Inside the basilica
The simplistic nave has alternating supports, where large arches rest on pillars and the smaller two arches rest on columns. The aisles are gothic and adorned with stained glass windows that portray the life of Saint Willibrord. In the choir window the saint is standing between the apostles Peter and Paul, under an image of the Holy Trinity, whilst the upper windows depict those who played an important part in the saint's life.
Above the organ, a rose window lets in light and is decorated with the signs of the zodiac. The confession alter in the lower choir area links to Saint Willibrord's grave and crypt, providing a light shaft. You'll also find two wooden statues from the early 18th century of St Benedict and St Willibrord. A painting from 1605 of pilgrims shows the first dancing or hopping procession, whilst the baptistry also houses the remains of the saint's robe.
Below the basilica a five-aisle crypt that dates back to Carolingian times houses the saints tomb, which is made from Carrara marble. Eleventh century frescos adorn the ceiling, showing scenes from the life of the Virgin Mary, and there is also a font, representing the vast amount of baptising (mostly in rivers and springs) that the saint performed in the Benelux region in his role as a missionary.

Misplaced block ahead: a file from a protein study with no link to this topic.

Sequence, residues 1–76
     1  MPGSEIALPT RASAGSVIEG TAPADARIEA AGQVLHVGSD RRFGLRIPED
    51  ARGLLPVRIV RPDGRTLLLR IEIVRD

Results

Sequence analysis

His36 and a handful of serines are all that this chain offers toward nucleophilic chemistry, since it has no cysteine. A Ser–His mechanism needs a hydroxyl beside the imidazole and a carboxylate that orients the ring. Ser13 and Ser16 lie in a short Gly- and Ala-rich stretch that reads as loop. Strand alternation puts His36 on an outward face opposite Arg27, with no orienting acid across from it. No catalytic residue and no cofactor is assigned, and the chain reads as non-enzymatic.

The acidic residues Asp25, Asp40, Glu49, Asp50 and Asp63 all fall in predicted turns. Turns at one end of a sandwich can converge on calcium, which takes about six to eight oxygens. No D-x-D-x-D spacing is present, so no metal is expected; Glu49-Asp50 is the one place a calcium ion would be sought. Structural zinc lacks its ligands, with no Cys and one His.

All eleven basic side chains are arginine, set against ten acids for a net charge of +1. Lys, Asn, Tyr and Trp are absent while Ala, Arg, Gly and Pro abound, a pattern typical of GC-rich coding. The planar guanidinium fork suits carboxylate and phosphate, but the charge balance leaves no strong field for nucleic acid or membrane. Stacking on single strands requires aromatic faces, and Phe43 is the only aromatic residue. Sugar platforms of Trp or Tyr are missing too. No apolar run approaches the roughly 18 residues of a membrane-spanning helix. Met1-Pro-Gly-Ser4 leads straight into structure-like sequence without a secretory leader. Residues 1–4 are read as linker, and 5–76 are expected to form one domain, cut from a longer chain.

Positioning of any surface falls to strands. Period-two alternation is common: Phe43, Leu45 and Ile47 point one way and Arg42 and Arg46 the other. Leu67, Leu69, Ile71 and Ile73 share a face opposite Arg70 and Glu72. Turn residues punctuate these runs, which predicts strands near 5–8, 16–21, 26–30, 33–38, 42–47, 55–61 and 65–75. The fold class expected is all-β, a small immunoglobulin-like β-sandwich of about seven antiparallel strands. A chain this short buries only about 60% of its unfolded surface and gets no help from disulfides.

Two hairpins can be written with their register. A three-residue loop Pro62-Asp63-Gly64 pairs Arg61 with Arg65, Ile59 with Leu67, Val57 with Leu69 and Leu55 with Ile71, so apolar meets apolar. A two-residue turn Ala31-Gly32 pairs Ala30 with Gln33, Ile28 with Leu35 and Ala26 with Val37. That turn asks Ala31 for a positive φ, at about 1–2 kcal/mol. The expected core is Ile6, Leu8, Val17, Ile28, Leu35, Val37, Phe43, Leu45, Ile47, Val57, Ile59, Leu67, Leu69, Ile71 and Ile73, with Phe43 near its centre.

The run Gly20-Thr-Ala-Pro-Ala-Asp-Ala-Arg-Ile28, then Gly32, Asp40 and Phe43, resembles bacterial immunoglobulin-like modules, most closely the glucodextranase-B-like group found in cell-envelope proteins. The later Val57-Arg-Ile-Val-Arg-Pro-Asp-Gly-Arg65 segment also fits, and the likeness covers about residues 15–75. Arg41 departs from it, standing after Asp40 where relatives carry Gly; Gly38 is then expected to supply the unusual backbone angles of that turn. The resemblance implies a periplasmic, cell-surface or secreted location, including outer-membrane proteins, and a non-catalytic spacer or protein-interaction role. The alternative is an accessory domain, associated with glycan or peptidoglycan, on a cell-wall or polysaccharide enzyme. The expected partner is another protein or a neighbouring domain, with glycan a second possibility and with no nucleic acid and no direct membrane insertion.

The Echternach dancing or hopping procession takes place on Whit Tuesday each year, and is a UNESCO World Heritage cultural tradition. It attracts people from across the region.
Next to the basilica buildings you'll find the orange garden complete with statues of the four seasons sculpted by Ferdinand Tietz from Würzburg in Germany. There's also a Rococo pavilion built in 1761 by Paul Mugenast (who also built the church in Munneref), which has an elegant staircase leading to the 100m² first floor room that houses an audio-visual presentation of Echternach Abbey's influence on rural architecture. Information panels near the pavilion give details of the abbey's garden.
The quadrilateral building next to the basilica is where you'll find the museum. The building dates back to 1727 and is in Lothringen style (to look like a princely residence), designed by architect Leopold Durand from Saint Avold in France (he has a street in Echternach named after him). The abbey quarters were dissolved in 1779 and in 1899 the premises became a school. After extension damage in the Second World War, the building was also reconstructed.
The museum is located in the vaulted cellars and is mainly dedicated to the Echternach scriptorium. The decorative first letters of the gospels, painted in gold, are outstanding works of art and Romanesque symbolism. Pages from the 11th century Codex Aureus of Echternach are also on display.
The museum is open from Palm Sunday (April) to Toussaint (1 November) every day from 10.00 to 12.00 and 14.00 to 17.00. Entrance is free for children and €3 for adults, and audio guides in English are available. One-hour"top secret" tours allow visitors to see the cloister and admire the restored former dining room of the monks.